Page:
One of these days I'm gonna spring for one of the two wheeled tool carts, and then I only need to make two trips to the bench instead of four.
gary

Ok. I see how you make it work now. For me, I use wet lube and electronic scales (along with RCBS 10-10 to spot check the electronic scale weights) and other things that wouldnt work for me in an open air environment. Probably doesn't make my loads any better, just the way that I load them. I am thinking about going to a seat at the range setup where I seat the bullets long at home then seat them to the depth I need them to be at the day of the match on the range.
 

TOM H

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Joined
Dec 24, 2001
Messages
1,235
I keep a small log book to store my setups I use at the range. Once or twice a year I'll setup the measurer on a stand and weigh new powders (to me anyway) to get new starting loads, and start a new page for them in the book. I have another similar book that I actually keep load recipes in (bushing, seating depth, bullet, and primer and charge). I'm going to start a new book later in the year that will take in case brands and their volume.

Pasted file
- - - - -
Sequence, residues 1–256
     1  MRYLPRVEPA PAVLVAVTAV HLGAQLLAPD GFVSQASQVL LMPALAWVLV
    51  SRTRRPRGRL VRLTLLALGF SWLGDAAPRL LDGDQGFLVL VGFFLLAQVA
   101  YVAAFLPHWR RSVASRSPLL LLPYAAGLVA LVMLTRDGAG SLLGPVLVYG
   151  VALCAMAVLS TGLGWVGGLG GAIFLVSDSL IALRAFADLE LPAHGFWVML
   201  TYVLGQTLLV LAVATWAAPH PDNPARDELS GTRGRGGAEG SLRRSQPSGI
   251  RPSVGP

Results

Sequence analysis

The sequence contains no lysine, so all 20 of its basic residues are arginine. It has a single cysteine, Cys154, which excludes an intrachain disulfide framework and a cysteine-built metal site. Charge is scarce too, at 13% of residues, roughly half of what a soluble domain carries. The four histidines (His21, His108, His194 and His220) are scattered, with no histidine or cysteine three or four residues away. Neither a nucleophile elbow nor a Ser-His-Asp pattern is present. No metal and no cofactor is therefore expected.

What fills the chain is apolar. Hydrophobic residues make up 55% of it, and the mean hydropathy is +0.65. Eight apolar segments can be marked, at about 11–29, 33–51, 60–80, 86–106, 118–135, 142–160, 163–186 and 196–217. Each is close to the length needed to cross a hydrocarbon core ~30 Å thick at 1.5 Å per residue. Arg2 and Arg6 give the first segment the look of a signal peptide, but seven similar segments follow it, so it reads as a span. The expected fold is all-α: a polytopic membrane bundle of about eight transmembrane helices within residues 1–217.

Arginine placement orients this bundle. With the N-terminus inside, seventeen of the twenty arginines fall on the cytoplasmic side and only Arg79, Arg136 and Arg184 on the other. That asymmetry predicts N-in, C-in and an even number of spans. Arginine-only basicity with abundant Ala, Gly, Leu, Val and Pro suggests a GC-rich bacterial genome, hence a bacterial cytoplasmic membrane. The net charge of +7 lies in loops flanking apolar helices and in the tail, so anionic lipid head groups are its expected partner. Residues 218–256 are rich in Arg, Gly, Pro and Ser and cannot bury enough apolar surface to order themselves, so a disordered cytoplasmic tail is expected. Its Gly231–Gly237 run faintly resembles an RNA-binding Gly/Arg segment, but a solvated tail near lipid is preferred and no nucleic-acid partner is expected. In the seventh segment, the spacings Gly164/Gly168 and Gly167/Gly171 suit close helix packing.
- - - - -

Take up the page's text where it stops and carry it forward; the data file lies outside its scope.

I use a Harrell measurer, and it seems to repeat extremely well in my return trips to the range. I still find myself having to trickel powders in some of the more coarse grained stuff, but it's also the nature of the beast.
gary